Factors influencing the premium of a group health policy
Group health insurance refers to medical insurance cover for a group. Such a group mediclaim policy can be availed by employer-employees, banks and their customers, and clubs and their members.
What factors affect premiums and how?
A group’s size, average age, and occupation are important determiners of the premium of a group medical insurance plan. Thus, the larger a group, the lower its premium for a group mediclaim policy. Similarly, if the average age of the group is low, premiums will be low. Field, factory, airline staff, healthcare workers and offshore workers are considered high risk and will have to pay higher premiums. On the other hand, clerical staff are lower risk and policies for them will have lower premiums.
Another significant factor is claim history of the employer or group administrator. What this means is that higher past claim ratios will lead to higher premiums. Claims ratios of over 100% will definitely result in premium increases.
Additionally, the features and riders that a group opt for also determine premiums. Thus, the more add-ons a group selects, the higher the premiums it will have to pay for group medical insurance.
Meanwhile, choosing a co-pay option will reduce premiums on group health insurance.
Case study: Size and average age of the group
College friends Kirti Bisht and Vivek Madhukar joined different firms. While Kirti joined a large FMCG firm with almost 12,000 employees pan-India, Vivek joined a start-up.
Vivek’s company employs only 12 people, and it is mulling a group health policy for its employees and their dependents. Vivek remembers that Kirti and her employer contributed equally (Rs. 2,650) for a group health plan that gives Kirti a health cover of Rs. 500,000. Accordingly, he expects to pay a similar amount as premium and opts for Rs. 500,000 cover. However, his premium is Rs. 3,580.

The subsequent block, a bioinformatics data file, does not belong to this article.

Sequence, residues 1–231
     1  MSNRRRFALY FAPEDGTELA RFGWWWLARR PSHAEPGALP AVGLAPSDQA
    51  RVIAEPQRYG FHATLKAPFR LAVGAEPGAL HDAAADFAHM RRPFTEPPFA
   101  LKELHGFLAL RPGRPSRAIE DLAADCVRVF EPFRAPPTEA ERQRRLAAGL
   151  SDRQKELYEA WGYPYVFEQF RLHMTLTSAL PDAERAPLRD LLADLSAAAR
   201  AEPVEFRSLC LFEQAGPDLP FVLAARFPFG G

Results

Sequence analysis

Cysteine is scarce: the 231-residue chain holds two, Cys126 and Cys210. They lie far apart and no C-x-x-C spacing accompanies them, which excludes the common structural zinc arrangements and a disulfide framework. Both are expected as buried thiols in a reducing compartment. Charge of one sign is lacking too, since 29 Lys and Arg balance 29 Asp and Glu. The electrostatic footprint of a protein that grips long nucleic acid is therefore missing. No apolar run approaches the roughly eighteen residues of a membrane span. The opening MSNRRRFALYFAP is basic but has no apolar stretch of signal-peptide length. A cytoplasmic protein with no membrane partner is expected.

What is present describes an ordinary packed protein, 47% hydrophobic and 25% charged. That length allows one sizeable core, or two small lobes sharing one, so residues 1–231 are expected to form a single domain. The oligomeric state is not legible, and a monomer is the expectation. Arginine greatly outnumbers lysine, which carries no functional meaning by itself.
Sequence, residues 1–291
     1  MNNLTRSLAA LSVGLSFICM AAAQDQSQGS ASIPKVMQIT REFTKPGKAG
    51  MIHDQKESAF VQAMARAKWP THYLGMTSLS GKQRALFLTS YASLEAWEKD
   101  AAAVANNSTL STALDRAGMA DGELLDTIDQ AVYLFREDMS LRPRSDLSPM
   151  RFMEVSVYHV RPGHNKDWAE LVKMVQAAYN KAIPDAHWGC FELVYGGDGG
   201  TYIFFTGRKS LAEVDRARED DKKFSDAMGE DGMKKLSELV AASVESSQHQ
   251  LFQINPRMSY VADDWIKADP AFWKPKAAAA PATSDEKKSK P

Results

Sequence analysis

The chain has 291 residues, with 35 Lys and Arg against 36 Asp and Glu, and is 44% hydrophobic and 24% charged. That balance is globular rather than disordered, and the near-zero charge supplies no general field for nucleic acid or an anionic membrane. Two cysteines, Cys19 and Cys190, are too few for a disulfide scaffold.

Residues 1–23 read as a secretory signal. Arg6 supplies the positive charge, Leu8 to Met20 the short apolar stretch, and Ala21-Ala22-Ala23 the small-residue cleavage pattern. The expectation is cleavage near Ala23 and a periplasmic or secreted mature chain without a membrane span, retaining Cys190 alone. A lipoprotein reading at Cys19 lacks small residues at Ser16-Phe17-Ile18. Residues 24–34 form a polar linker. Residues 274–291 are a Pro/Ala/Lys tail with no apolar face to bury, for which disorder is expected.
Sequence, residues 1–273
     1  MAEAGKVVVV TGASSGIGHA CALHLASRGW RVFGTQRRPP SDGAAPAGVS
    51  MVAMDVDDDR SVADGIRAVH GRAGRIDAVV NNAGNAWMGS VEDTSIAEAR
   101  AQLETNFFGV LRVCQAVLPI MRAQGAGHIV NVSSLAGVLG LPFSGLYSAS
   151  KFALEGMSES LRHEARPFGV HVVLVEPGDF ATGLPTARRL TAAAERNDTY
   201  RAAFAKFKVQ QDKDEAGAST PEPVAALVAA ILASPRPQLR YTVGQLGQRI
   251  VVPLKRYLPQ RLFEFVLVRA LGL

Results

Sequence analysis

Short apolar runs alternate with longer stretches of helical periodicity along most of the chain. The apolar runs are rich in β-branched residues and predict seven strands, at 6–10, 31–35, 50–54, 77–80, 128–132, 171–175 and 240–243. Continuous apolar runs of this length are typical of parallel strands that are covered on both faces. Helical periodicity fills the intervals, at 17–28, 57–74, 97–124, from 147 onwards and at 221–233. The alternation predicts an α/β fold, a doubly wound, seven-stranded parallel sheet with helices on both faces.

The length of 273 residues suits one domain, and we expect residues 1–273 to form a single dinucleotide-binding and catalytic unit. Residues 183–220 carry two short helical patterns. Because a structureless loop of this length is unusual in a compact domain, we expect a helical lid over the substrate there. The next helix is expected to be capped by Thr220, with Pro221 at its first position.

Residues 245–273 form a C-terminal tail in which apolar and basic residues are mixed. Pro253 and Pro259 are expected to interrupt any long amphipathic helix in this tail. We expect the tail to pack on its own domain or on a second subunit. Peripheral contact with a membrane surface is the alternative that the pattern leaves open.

The insurer’s explanation: The firm has very few employees and even the addition of family members of employees takes the number only to 20, the minimum covered under the policy. In fact, the premium would be higher still if the firm tried to match the features and riders that Kirti’s employer offered.
The good news for Vivek though is that the average age of the employees in his company is only 29 compared to the average age of 37 in Kirti’s company. This, combined with a cleaner claim history for Vivek’s company, might lower premiums in the future.
Case study: Type of occupation and add-ons
Giriraj Sundaram is general manager, Human Resources, at Vatsam Precision Equipment (VPE) Pvt. Ltd. He has to motivate employees through various benefit schemes. For instance, one scheme the management has approved is corporate health insurance. Accordingly, Giriraj is now considering the premium payable under the policy and examines the following information:
|Total number of employees at VPE||120|
|Clerical and sales staff||30|
|Quality management and machine upkeep staff||10|
|Permanent drivers and peons||10|
The insurer quotes a premium based on a weighted average of occupational risks. Thus, it assigns the highest per life rates to the drivers and the lowest to the clerical staff. These rates are then weighted to get an overall rate for the company.
The firm’s initial premium is Rs. 3 lakh. VPE also added a corporate buffer of Rs 1 lakh. If an employee incurs medical expenses of more than their sum assured, the excess costs can be paid from this buffer. The buffer added an additional cost of Rs 70,000 taking the total premium to Rs 3.7 lakh.